Nicotero: That’s probably the closest we’ve ever had to a happy ending on The Walking Dead. Rick is a changed man and that scene with him and Carl shows the extent how Rick has changed from the beginning of the episode where he says if anyone is slowing you down, leave them. So to be that guy and end up in the streets of Alexandria fighting walkers with all of Alexandria fighting at his side, Rick has come full circle. The fact that he’s pouring his heart out to Carl and says he wants to show him the new world, Rick is begging him to live. We get that little squeeze of his hand and it’s what propels who Rick becomes from that moment onward. He becomes somebody who understands what it’s like to live as a society and not just for a smaller group of people.
Rick, for the first time since he woke up in the hospital, believes that there’s hope for a new world. How does Carl’s injury change Rick? This is a different man than we’ve seen before.
Kirkman: This is a Rick who is supercharged. He’s inspired by these events that have happened. We’ve seen many evolutions and changes to Rick. This is a guy who, for the first time in the show, really has it together in this moment. He’s in charge, he leads a large group of people that he can now trust — the Alexandrians that he had been wary of and didn’t know he could lean on — and it’s now been proven he can lean on them now to the extent that he would want to. This is Rick at possibly the highest moment he’s been, where he has the people he needs, he has the inspiration he needs and he has the resources he needs. Only the sky is the limit for him at this point.
How does Carl losing his eye change him?
Kirkman: The kid we once knew has been gone for a long time. Chandler Riggs has been doing a really good job of portraying that. Carl has been evolving every step of the way. If anything, this event just jumpstarts that evolution and pushes things into a more interesting area. I don’t want to reveal too much but there’s a lot of cool stuff coming up with him.
How will Glenn’s ordeal change his relationship with Maggie? Will they be less inclined to having Glenn run out and meet Lucille?
Gimple: That’s exactly something that’s an issue between them. It’s on their minds. They’ve dodged like 18 bullets. They couldn’t move forward without considering what the stakes are considering how close they both came to losing their lives. It’s an ongoing thing for both of them. But everything that’s happened to them and to the community, makes them feel that much more of a responsibility to not only each other but to the community. How are you there for the community, especially if everyone else is taking risks and they aren’t. They’re in a very difficult position but they do have each other now to figure it out.
Will Daryl, Abraham and Sasha tell the others about the Negan threat?
Nicotero: I think it’s pretty high up on their radar, especially after episode nine where we have been successful with vanquishing the walker horde that invaded Alexandria. In that last shot, we see Denise patching up the stab wound on Daryl’s shoulder. It’s important and we are introducing that group as an ongoing growing sense of threat.
How much of the second half will consist of world building for Alexandria as well as for Negan’s group, the Saviors?
Gimple: One of the major themes of this second half of the season is this larger world — and the world is going to get larger. We’re going to see much more of it and things we didn’t expect and things we didn’t know were going on. There’s a great deal of world building going on. They take a step into the unknown and it starts opening up the world all around them.
Will the Saviors wonder why a bunch of their people are missing?
Gimple: I would want to tell audiences not to expect Negan to walk in through the door like Kramer [from Seinfeld] in the very next episode. We plan way ahead and things do get out but it doesn’t mean it’s imminent. But with the Saviors, even their participation this season isn’t immediate. It’s not Rick’s group vs. the Saviors. We’re following this larger world storyline with the whole world opening up. The Saviors are part of this half-season but there are a lot of other exciting aspects that we’re going to see.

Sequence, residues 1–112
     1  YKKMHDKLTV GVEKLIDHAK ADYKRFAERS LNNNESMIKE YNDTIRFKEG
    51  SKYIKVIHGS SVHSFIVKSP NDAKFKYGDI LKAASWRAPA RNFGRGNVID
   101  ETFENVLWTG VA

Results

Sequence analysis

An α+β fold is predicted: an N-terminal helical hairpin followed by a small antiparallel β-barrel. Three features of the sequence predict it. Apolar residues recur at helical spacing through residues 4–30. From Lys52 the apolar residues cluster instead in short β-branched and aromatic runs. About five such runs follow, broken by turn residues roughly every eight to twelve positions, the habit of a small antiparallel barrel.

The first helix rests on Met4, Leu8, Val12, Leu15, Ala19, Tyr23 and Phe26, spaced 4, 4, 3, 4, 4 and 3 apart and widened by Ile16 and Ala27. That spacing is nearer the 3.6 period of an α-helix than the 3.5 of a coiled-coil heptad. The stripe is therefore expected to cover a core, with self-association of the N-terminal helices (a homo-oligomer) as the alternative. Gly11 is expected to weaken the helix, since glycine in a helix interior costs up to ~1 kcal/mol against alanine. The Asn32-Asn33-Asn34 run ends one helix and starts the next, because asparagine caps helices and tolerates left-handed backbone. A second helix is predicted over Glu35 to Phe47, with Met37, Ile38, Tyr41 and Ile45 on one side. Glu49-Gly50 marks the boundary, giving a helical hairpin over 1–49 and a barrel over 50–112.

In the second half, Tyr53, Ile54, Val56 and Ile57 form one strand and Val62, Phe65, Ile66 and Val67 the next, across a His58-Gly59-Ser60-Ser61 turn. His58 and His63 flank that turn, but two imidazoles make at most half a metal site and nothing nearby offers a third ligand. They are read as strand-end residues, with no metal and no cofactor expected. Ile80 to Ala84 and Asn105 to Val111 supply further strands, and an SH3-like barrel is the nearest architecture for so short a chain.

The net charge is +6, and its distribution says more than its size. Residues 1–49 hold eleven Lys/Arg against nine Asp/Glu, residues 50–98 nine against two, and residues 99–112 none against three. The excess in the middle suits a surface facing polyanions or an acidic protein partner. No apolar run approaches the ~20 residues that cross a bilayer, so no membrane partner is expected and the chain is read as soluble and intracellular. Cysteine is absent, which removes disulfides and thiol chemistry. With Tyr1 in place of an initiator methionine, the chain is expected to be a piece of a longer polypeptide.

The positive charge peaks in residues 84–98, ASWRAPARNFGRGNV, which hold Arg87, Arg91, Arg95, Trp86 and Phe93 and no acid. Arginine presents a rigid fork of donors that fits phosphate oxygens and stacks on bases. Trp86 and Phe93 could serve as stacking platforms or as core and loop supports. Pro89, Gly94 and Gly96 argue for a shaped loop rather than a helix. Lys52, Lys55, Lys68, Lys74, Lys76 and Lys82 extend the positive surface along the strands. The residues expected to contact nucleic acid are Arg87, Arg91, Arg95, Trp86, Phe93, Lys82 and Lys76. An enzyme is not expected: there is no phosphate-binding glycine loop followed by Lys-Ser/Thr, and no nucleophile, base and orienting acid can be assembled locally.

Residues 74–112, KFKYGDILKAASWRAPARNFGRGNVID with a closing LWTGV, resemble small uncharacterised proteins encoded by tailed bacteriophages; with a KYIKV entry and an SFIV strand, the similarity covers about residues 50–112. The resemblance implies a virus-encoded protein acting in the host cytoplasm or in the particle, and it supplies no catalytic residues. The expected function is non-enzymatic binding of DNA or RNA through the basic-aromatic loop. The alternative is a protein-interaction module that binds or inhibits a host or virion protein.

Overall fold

Have we seen the last of Negan’s group before the finale?
Nicotero: I doubt it.
After his encounter with the Saviors, what’s Daryl’s journey during the second half?
Gimple: Daryl is having some interesting things shifting in him. The first episode this season, we left him influenced by Aaron and his experiences there. He was considering the fact that people are the answer and you have to let people in, whether it’s emotionally or through the walls of Alexandria. He was one of the people going out to find more people and he told Rick, “We should keep doing this,” and Rick disagreed. The experience he had in the forest, with Tina and ‘not-Dwight’ (laughs) — that really affected him. He came away from that feeling like a sucker; like he would have been safer to not befriend them, which is the opposite of everything he’d learned at the end of last season. He’s still carrying that. He fought along with everyone else in Alexandria to win it back but he didn’t have the same experience that Rick did; he had opposite. He had an experience that drove him to feel less good about people and strangers. He’s on a bit of a different and darker track than Rick.
The montage of everyone defending Alexandria was unlike anything we’ve seen on this show before. How did that come about?
Nicotero: It was always intended to show quick staccato-type cuts of everyone fighting side by side. What’s critical from a story point for that shot was it wasn’t just our heroes; it was everyone from Alexandria as well. We wanted to see Olivia, Tobin, Aaron and all the Alexandrians fighting just as passionately as our people were. What’s funny about that series of shots is we shot those the last day of filming [season six]. We filmed episode nine in mid-August and I was very busy in the second half of the season. I directed nine, 12 and 16 and we had held those shots and the only time we were able to shoot those was the last day of filming. I got three cameras up and we had 20 zombies. I walked each one of the actors through their pages. I had yellow, blue and pink tape on floor and had different actors follow different trajectories so we could inter-cut it so we could have that fast momentum. It was the best way to end a shoot because everybody left very invigorated. It was like a Walking Dead workout routine.
What did you think of The Walking Dead‘s explosive midseason premiere? Sound off in the comments below. Click here for Alexandra Breckenridge’s farewell to Jessie; here for Chandler Riggs on Carl’s eye-opening experience; and here for Greg Nicotero and Riggs explaining how the show filmed the stunning scene. Look out for more Walking Dead coverage coming Monday on THR’s The Live Feed blog.